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New Toronto FC head coach Ryan Nelsen greets the media in Toronto on Tuesday January 8, 2013. The former Queens Park Rangers centre back replaces Paul Mariner, who took over 10 games into the disastrous 2012 season for the MLS club. (Frank Gunn/The Canadian Press)

New Toronto FC head coach Ryan Nelsen greets the media in Toronto on Tuesday January 8, 2013. The former Queens Park Rangers centre back replaces Paul Mariner, who took over 10 games into the disastrous 2012 season for the MLS club.

(Frank Gunn/The Canadian Press)

Toronto FC names Ryan Nelsen its new head coach Add to ...

As expected, Toronto FC replaced Paul Mariner as head coach on Tuesday.

It didn’t replace him with another head coach though; in fact, it didn’t replace him with a coach of any kind.

Instead it tabbed current New Zealand international and Queens Park Rangers defender Ryan Nelsen to take up the reins of Major League Soccer’s most flawed franchise.

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But while TFC fans can be forgiven for wondering how a man with zero coaching qualifications can help end the club’s six-year playoff drought, Nelsen’s thoughts are likely occupied by something more pressing, namely keeping the likes of Gareth Bale and Clint Dempsey in check as his other employer, the relegation-threatened English Premier League team on the other side of the world, plays host to Tottenham Hotspur on Saturday.

In a move that surprised most observers – TSN analyst Jason de Vos labelled it “without a doubt, the most bizarre coaching appointment ever made in Major League Soccer” – Toronto FC has gone out and hired a head coach still under contract as a player in London, with no clear idea of exactly when he’ll be free to move over to Canada and take up his new position. QPR’s last game of the EPL season is May 19, so presumably he might arrive here shortly after that, but it’s worth remembering that in the MLS campaign just gone, TFC was in an 0-9 hole by that point – not exactly the best vantage point for a rookie head coach trying to find his feet.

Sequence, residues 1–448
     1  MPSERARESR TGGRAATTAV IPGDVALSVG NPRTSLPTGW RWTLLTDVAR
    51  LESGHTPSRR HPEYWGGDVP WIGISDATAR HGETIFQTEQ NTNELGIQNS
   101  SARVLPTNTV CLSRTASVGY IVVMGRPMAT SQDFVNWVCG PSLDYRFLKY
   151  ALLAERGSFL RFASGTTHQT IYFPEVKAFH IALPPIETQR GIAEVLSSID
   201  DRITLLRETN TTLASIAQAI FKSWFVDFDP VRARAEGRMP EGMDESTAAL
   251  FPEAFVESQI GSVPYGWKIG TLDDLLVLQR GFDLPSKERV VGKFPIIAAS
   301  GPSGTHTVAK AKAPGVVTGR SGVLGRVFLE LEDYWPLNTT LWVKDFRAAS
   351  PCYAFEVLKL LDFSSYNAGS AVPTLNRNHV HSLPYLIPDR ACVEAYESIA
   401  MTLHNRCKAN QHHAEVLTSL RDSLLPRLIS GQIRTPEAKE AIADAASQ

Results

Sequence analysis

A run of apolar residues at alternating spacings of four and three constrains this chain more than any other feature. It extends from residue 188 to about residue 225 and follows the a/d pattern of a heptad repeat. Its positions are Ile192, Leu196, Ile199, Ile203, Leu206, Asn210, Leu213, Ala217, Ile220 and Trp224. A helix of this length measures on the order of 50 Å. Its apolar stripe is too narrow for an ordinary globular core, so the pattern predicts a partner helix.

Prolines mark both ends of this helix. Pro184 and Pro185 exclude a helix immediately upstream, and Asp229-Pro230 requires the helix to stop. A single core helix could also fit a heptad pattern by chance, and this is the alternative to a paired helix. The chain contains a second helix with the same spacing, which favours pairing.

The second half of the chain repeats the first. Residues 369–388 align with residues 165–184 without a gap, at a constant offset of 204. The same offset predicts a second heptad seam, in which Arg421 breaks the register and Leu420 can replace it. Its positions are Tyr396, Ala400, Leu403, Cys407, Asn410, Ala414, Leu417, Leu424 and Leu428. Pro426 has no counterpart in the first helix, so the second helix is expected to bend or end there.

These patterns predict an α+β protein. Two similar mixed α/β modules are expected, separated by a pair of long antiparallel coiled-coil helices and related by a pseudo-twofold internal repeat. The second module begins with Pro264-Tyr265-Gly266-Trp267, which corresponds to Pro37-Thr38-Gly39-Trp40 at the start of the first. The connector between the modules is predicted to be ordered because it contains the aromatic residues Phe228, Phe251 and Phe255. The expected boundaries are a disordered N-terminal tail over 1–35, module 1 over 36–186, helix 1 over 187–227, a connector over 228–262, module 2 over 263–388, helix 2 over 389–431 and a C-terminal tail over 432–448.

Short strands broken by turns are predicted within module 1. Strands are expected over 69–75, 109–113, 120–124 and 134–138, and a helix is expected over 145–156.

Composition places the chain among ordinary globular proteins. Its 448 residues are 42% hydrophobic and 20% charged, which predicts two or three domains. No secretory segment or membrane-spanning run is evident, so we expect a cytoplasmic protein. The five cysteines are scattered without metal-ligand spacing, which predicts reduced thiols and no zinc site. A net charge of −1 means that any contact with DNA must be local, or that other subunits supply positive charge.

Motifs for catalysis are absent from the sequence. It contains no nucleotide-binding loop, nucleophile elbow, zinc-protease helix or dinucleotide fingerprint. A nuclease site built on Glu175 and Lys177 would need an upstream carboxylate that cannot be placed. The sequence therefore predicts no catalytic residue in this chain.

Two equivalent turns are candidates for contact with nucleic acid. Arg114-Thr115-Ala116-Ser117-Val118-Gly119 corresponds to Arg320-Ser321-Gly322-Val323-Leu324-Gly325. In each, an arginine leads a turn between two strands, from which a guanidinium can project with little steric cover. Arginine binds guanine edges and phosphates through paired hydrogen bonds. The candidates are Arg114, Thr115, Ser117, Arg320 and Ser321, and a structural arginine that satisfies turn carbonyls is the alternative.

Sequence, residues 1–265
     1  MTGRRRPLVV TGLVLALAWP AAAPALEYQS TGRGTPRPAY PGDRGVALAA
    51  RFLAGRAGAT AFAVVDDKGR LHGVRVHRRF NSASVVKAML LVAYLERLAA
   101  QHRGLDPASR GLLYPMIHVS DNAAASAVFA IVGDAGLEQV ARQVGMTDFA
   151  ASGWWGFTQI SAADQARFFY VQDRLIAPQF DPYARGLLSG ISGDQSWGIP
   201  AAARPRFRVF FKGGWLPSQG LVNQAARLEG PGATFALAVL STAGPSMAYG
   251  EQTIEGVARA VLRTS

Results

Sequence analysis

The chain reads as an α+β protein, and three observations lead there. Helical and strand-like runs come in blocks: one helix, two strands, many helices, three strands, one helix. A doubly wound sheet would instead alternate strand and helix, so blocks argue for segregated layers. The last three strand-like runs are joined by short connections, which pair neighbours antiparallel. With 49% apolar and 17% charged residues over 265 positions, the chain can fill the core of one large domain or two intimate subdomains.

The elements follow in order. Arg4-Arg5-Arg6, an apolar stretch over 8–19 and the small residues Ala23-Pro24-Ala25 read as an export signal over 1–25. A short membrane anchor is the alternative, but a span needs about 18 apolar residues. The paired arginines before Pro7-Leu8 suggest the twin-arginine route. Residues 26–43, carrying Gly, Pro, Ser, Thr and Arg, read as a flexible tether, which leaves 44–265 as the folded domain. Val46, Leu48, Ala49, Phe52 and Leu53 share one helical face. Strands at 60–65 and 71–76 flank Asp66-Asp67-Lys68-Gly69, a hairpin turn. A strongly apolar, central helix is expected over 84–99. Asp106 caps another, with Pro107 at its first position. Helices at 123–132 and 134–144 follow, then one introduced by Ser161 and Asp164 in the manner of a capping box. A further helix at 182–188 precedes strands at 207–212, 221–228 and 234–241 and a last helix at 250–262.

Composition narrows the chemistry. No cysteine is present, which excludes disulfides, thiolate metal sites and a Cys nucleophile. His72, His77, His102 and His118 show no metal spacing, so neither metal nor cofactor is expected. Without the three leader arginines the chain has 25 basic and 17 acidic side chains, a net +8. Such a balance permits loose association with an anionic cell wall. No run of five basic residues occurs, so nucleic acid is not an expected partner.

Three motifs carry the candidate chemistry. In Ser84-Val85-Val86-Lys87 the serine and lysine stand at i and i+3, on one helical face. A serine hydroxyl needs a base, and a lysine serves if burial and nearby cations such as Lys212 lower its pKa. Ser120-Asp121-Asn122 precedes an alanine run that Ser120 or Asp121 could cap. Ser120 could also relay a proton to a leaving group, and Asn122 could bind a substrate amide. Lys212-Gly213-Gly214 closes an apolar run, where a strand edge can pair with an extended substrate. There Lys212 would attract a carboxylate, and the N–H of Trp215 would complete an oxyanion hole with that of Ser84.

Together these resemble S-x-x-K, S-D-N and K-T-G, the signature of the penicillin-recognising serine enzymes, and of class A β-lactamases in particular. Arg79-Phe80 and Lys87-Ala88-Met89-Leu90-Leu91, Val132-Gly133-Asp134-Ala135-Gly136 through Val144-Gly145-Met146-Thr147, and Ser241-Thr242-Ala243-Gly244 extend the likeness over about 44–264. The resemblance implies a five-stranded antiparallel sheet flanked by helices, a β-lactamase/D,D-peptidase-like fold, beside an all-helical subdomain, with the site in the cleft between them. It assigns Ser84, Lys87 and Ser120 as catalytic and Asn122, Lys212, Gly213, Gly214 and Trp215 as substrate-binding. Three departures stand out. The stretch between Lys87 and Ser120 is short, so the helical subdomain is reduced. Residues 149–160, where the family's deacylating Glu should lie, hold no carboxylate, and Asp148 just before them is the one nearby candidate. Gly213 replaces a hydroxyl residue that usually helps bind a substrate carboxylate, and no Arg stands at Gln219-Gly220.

In Nelsen’s stead, Irishman Fran O’Leary will be holding down the fort, putting the team through its paces in preseason and trying to get TFC off on the right foot when the season starts March 2 in Vancouver against the Whitecaps. But at least O’Leary, who just earned his UEFA pro coaching licence last weekend, will be able lean on his experience as a long-time National Collegiate Athletic Association coach, most recently spending the last six years at Bowdoin College in Maine.

Nelsen does bring MLS experience with him, though, having played under TFC president Kevin Payne for four years while both were at D.C. United, captaining the side to the 2004 MLS Cup. Payne is taking a marked gamble with his young protégé, though, and while Nelsen is more likely to dance to the beat of his boss’s drum than the headstrong Mariner, Payne has also swept aside all vestiges of last year’s five-win season, and put himself in position to take the plaudits when TFC finally finds its way to the winner’s enclosure.

To some that know both Payne and Nelsen, it’s a gamble worth taking.

“[Payne’s] got nothing to lose,” said former MLS player and general manager Alexi Lalas. “He can afford this moment to wipe the slate clean and literally start from scratch and do things, that while on the surface look preposterous, it can only get better, and in that sense, if Ryan Nelsen is able to come in and win six games, he will already have proved [himself].

“In this unique situation, Kevin Payne can look like a king very, very quickly. And I think he recognizes that opportunity and those opportunities don’t come around very often.”

In defence of Tuesday’s move, Payne has had previous experience in taking ex-players off the pitch and into the dugout, appointing former Chicago Fire midfielder Piotr Nowak as D.C. United coach in 2004 and watching him lead the club to the MLS Cup at the end of that season, and more recently handing those same coaching keys to D.C. United legend Ben Olsen three years ago, a position he still holds today.

Having taken the more conventional route of hiring experienced coaches seven times previously in the previous six seasons, maybe the unconventional approach is the way to go for Toronto FC. Given the horrors of last season, it could hardly get much worse, and while it might feel like a team undergoing another total revamp for the umpteenth time, that’s just the way it is for all teams that continually find themselves in their league’s basement.

“I’m sure supporters will say, well, we feel like we’ve started anew three or four times,” Lalas explained. “Well, you’ve got to keep starting anew until you get it.”

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